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UBC Theses and Dissertations

Strengthening mechanisms in aluminum alloys Sahoo, Maheswar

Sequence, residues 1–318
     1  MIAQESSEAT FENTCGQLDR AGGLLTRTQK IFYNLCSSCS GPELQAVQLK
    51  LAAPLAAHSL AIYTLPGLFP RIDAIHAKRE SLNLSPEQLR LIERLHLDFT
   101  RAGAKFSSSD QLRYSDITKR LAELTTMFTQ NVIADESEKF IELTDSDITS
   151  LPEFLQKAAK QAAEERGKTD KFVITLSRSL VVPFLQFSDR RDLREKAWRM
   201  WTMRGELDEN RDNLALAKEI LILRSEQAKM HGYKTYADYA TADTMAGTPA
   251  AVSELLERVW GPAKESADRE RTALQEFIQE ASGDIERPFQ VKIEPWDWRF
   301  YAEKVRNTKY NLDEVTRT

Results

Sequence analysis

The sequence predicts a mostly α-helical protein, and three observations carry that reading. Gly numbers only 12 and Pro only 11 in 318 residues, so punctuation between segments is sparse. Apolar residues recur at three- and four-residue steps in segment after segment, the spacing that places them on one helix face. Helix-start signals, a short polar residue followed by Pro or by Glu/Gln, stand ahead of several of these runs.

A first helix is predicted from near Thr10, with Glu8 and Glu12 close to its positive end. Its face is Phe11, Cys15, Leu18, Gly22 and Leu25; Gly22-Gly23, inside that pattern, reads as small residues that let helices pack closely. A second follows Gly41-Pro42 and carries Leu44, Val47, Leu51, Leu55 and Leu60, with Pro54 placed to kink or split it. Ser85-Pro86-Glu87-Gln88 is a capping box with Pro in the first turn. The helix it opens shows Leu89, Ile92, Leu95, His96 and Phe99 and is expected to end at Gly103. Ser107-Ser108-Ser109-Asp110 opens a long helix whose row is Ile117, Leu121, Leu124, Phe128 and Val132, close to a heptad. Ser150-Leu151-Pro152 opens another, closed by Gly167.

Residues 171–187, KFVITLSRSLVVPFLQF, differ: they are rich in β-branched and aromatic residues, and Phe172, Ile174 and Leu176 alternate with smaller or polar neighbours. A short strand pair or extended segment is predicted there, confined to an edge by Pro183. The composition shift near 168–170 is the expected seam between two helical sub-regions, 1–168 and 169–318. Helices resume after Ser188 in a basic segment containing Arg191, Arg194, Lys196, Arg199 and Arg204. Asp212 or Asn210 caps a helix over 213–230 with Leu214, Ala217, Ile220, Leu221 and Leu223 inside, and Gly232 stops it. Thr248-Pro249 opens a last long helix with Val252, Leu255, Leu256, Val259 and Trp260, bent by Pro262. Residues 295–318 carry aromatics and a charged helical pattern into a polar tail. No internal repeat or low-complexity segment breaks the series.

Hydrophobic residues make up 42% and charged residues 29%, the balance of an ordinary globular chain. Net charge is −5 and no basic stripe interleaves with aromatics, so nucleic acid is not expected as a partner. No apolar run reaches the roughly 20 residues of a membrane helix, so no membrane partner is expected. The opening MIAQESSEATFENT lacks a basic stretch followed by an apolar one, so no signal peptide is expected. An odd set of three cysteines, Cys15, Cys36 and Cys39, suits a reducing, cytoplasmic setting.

The substructure of pure aluminum and over-aged Al-4Cu has been varied by mechanical and thermal treatments. The nature of this substructure and its resistance to annealing has been studied, together with the effect of the substructure on tensile strength at ambient and elevated temperatures. It has been found that in at least some respects the response of the strength of the over-aged Al-4Cu to mechanical and thermal processing is very comparable to that of oxide-dispersion-strengthened alloys such as S.A.P. and Ni-ThO₂. The over-aged Al-4Cu is strengthened appreciably by cold work. Much of this incremental room-temperature strengthening can be removed by annealing at relatively low temperatures; i.e. temperatures at which the strength of cold worked pure aluminum is not lowered. In common with oxide-dispersion hardened alloys, the yield strength of cold-worked Al-4Cu at elevated temperatures (300°C or 0.62 Tm) is actually improved by a static anneal at 300°C before testing. This benefit increases with increasing amounts of prior cold work. Similar studies have been carried out with an S.A.P. extruded alloy (10 wt. % A1₂O₃) and comparable results have been obtained. Pure aluminum, Al-4Cu and S.A.P. materials have been examined by X-ray line profile analysis to determine the distribution of nonuniform lattice strain and the coherently-diffracting crystallite domain size. The X-ray data have been interpreted in terms of dislocation densities and configurations, and compared with direct observations made by transmission electron microscopy. An attempt has been made to account semiquantitatively for the strength of the deformed and annealed materials at ordinary and elevated temperatures in terms of available strengthening mechanisms. The 0.2 pet yield strengths of simple aged Al-4Cu alloys (no substructure) was found to be consistent with the Orowan model of dispersion-strengthening both at R.T. and at 300°C. The room temperature yield strength (ϭ0.2) of cold worked and annealed pure aluminum and A1-4Cu alloys was related to the subgrain diameter [symbol omitted] by the Hall-Petch equation: °0 2 = ϭ₀ + kg⁻½ where and k are constants. In such cases it was not believed that there was a contribution to strength from the Orowan mechanism. Similarly the 20°C yield strength of the S.A.P. alloy was associated with the fine dislocation substructure produced by thermo-mechanical treatments. The high temperature yield strength of Al-4Cu and S.A.P. was related to the polygonized substructure produced by static annealing, which was much finer and more stable in the case of the oxide dispersion-strengthened alloy.

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